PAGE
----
Coheed and Cambria @ Hammerstein

—by , June 7, 2006

Coheed And CambriaWhat do you get when you take two up-and-coming rock acts with dramatically different musical styles and put them together on a co-headlining tour? Do you get the best of both worlds or an inevitable disaster? Well, this was the issue that accompanied the recent Coheed And Cambria/Avenged Sevenfold tour. Coheed’s instrumental perfection and slightly restrained performance style was pinned up against A7X’s balls-out stage-show and mediocre musical compositions. A victor had to be determined.

The final night of the tour began with A7X, who were coming off the previous night’s headlining slot where a quarter of the crowd left before their set began. Such a morale defeating experience could have easily put a damper on their performance, but A7X would not fall so easily. Opening with their current single, “Beast & The Harlot,” A7X delivered a performance that would have undoubtedly received a nod of approval from the bands whose styles were so obviously mimicked.

Panties from young female fans adorned the stage and concert floor in such massive quantities you could swear you were at a Mötley Crüe concert. While influence was taken from many artists, none was as dominating as that of Iron Maiden. From the back-to-back guitar solos, to the Piece Of Mind Meets The Trooper backdrop, to the massive Eddie-like winged skull prop that rose at the close of the set, A7X had clearly studied from the master. The question in turn is, did they master the art?

A7X had a lot running in their favor. The fans were extremely responsive and crowd-surfed with almost no interruption throughout their performance. Vocalist M. Shadows’ alpha-male performance style was so domineering it practically forced attendees to stand alongside the band and cheer, whether they wanted to or not. And the entire band, bassist included, rampaged on stage and pumped forth a level of enthusiasm that has seldom been seen since Iron Maiden.

On the downside, the tremendous performance was greatly hindered by a repertoire as diverse as their fans’ choice in t-shirt colors. Fancy double-bass drum patterns, overdriven guitar solos and barking raps mixed with whiney singing all have their place in rock music, but it’s difficult to appreciate and digest when the musical equation goes unaltered.

All in all, A7X showed that they know how to put on a show that warrants a shower of ladies’ undergarments, but significant work needs to be done musically if they intend to expand their existing fanbase.

Coheed And Cambria, in contrast, came prepared with a diverse and robust setlist. From hit singles like “Blood Red Summer,” “A House Favor Atlantic” and “The Suffering” to more dynamic and lengthy selections like “In Keeping Secrets,” Coheed drove forth at speeds far greater than a 10-speed bicycle could ever wish.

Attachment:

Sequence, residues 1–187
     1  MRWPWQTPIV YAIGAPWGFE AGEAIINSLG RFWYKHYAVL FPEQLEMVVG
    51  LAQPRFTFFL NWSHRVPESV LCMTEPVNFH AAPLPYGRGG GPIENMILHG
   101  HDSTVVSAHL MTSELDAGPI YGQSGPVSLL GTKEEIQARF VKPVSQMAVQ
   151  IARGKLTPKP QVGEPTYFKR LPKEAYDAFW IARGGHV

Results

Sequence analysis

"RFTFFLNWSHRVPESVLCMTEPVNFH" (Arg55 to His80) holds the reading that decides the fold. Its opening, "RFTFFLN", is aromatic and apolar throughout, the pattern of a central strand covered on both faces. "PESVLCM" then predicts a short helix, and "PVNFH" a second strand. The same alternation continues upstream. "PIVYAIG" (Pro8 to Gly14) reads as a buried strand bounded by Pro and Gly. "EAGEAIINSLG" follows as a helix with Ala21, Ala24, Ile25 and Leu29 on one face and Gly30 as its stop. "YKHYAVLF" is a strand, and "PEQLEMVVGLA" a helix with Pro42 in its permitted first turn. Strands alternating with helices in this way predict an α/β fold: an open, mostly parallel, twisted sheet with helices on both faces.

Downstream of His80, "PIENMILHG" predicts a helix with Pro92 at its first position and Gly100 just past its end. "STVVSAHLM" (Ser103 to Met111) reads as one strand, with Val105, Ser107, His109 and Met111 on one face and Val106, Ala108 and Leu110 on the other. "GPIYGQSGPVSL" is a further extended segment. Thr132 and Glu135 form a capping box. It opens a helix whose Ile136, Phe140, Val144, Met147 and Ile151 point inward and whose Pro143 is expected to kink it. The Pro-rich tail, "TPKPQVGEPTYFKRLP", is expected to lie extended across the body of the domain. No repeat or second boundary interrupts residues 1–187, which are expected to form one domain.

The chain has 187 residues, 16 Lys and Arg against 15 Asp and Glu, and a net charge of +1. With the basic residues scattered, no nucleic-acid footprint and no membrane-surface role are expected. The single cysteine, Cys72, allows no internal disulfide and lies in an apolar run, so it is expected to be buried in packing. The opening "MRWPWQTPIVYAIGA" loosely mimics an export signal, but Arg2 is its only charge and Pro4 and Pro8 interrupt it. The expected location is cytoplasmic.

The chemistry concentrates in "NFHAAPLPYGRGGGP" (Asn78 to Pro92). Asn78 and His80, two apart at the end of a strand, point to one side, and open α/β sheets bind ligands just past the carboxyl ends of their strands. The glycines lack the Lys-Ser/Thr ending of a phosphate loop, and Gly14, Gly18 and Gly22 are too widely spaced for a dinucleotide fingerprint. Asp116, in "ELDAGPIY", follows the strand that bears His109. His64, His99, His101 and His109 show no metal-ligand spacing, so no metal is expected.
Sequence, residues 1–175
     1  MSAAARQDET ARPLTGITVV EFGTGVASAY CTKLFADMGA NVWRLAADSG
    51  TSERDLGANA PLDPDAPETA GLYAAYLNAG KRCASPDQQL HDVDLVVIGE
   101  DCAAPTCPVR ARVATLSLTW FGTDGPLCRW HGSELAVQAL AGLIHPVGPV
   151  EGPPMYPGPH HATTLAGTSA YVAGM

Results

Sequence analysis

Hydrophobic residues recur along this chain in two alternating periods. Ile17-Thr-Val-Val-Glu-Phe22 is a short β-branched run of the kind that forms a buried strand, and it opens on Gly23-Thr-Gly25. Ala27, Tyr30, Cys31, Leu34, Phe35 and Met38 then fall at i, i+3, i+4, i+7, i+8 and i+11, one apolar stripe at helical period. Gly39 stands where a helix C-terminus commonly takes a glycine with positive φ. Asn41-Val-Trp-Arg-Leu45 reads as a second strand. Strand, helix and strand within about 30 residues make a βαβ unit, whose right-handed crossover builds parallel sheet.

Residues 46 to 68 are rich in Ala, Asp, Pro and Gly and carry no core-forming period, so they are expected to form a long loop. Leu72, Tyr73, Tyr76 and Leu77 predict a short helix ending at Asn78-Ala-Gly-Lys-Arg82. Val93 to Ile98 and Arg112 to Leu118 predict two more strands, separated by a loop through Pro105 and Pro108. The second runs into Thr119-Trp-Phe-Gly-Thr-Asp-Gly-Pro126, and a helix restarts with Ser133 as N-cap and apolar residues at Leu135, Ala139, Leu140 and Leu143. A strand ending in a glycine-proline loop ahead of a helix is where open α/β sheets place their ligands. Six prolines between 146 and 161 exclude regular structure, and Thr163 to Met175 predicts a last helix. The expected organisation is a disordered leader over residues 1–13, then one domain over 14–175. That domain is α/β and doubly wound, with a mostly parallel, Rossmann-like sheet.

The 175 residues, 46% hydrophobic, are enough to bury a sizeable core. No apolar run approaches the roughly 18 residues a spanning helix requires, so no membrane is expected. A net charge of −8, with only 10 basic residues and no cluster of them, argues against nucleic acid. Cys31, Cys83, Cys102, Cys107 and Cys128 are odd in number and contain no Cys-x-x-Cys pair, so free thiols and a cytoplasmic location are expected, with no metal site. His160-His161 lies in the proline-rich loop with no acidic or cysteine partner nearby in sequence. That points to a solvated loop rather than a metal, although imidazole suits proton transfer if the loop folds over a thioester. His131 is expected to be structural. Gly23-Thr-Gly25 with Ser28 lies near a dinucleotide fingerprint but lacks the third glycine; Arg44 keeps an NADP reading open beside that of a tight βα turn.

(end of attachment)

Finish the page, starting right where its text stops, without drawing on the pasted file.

Frontman Claudio Sanchez, who bore a striking resemblance to Cousin It, performed most impressively as he demonstrated his vast vocal range and instrumental talents. In many instances, he took the lead guitarist role and executed both canned and improvised solos with positive results (this was especially remarkable considering the vision impairment presented by his massive wall of hair). Some lyrics were dropped for effect, but that didn’t hurt the songs as they came across equally as powerful as on record.

Musical strength was certainly Coheed And Cambria’s most valuable attribute, but where M. Shadows grabbed the crowd by its throat and demanded certain types of behavior, Sanchez pled with it like a puppy begging for a snack. His characteristically un-rock and roll demeanor, soft-spoken request for a photo op and apology for having used profanity left many scratching their heads. How could someone who sings “I’d kill anything/Cut the throats of babies” display such meekness?

In an unusual ending that surely left first-time attendees baffled, Coheed And Cambria closed their set not with one of their hits (as A7X had) but rather with a 15-minute, Led Zeppelin inspired improvised jam on “The Final Cut.” The song’s slow tempo allowed for many interesting solos that included Sanchez playing behind his head and with his teeth, while guitarist Travis Stever pulled out the talk box ala Peter Frampton. Although an interesting and enjoyable listen for established fans, the song’s duration and slow pace left the show feeling a bit incomplete.

Overall Coheed And Cambria and Avenged Sevenfold, despite their clear differences, managed to satisfy their respective fans with their own brands of rock and roll. Unfortunately, although the bands’ differences could have conceivably complemented each other, they instead drew attention away from their strengths and toward their weaknesses. Because of this, it’s unlikely many converts were created. Who knows, maybe the two bands will take cues from each other and improve where improvements can be made. In that case, the unusual pairing would have succeeded in bringing out the best… otherwise it’ll go down as yet another example against awkward touring partners.


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